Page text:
As I mentioned in my last post, my boyfriend and I took a little trip to Boston earlier this week! It’s one of my favorite cities, and it was really fun to relive some childhood memories walking by Paul Revere’s house and visiting the Make Way For Ducklings statues in the Common — as well as to create new memories cheering on the Red Sox at Fenway and taking a tour of the Sam Adams Brewery.
Although we were only in Beantown for two days, we still managed to fit in some book tourism! (Tom is wonderfully accommodating of my nerdiness.) The first day, we visited the Boston Public Library. According to Wikipedia, it was established in 1848 and is the first publicly supported municipal library in the U.S., the first large library open to the public in the U.S., and the first public library to allow people to take borrowed materials home to read. It contains 8.9 million books and AV materials and is the second largest public library in the country (following the Library of Congress)!
We only stopped in for a few minutes, but we managed to stumble upon the most beautiful courtyard, complete with arched walkways, refreshing greenery, and a soothing fountain. I could have spent hours there, sitting at an iron patio table and enjoying this serene environment in the midst of the busy city, but alas we had to be moving on!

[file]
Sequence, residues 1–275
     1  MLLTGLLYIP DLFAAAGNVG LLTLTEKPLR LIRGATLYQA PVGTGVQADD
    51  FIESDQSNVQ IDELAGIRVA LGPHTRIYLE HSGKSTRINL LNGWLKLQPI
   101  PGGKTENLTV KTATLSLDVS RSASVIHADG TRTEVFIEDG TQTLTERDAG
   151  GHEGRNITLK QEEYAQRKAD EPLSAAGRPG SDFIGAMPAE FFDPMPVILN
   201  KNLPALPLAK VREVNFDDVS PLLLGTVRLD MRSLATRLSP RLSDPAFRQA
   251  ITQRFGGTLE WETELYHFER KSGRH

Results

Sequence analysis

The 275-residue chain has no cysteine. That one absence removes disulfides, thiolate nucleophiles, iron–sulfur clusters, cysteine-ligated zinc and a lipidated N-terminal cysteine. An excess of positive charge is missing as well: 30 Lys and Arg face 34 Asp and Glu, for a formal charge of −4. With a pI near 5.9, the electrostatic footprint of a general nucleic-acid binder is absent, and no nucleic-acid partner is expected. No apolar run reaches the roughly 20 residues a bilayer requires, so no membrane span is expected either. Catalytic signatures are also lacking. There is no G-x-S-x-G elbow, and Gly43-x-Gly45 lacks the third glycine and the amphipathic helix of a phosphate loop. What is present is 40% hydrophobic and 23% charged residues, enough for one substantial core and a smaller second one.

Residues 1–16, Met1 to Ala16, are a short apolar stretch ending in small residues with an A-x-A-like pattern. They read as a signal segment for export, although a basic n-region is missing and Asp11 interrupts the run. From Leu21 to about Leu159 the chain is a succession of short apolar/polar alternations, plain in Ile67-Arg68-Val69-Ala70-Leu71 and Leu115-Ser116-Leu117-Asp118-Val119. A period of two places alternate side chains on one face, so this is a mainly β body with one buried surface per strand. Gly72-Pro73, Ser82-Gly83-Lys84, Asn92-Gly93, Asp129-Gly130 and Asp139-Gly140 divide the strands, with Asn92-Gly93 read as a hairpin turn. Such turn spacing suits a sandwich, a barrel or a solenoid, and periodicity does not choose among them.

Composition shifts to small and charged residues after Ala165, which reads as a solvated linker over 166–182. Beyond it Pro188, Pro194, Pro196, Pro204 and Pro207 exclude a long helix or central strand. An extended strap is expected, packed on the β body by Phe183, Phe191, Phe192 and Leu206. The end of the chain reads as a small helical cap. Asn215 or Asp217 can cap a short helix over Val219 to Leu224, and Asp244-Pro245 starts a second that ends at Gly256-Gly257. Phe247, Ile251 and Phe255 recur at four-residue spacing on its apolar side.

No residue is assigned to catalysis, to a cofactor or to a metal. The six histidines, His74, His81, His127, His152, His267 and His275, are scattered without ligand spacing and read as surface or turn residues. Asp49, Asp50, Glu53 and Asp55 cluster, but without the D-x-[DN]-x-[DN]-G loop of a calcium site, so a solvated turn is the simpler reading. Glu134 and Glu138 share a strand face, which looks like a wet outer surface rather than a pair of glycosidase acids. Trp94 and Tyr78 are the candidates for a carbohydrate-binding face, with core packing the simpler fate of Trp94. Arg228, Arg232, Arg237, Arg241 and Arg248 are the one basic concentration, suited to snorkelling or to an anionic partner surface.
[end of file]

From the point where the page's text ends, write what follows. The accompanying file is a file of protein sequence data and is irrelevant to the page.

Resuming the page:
On our last day in Boston, we took the T out to Cambridge to visit that most famous of American universities… Harvard! Our first stop was the Harvard Book Store, a privately owned, independent bookstore where my self control gave in to my desperate desire for MORE BOOKS. MORE! Of course, I was able to rationalize my purchases with the fact that I did not pay full price for any of the four books I bought. One of the Remainders tables had a pretty good selection — I purchased A Passage to India by E.M. Forster and A Supposedly Fun Thing I’ll Never Do Again by David Foster Wallace for less than $6 each and managed to pass over other books by Jonathan Franzen, Umberto Eco, and Tom Perrotta (okay, so I retained a little bit of self control). Definitely the best selection of remainders I’ve ever seen! And of course, I couldn’t stay away from the Select Seventy shelf, which offers top titles at a 20% discount — I picked up State of Wonder by Ann Patchett and Blue Nights by Joan Didion.
My final act of nerdiness was to have Tom take my picture reading on the steps of Harvard’s Harry Elkins Widener Memorial Library. I imagine this is how Harvard students (or the Wicked Smaht People Across the Rivah, as they are known in Boston) read. SUPER INTELLECTUAL!
Does anyone else like to check out the bookish sites while traveling? Have you visited any great bookstores, libraries, authors’ homes, etc?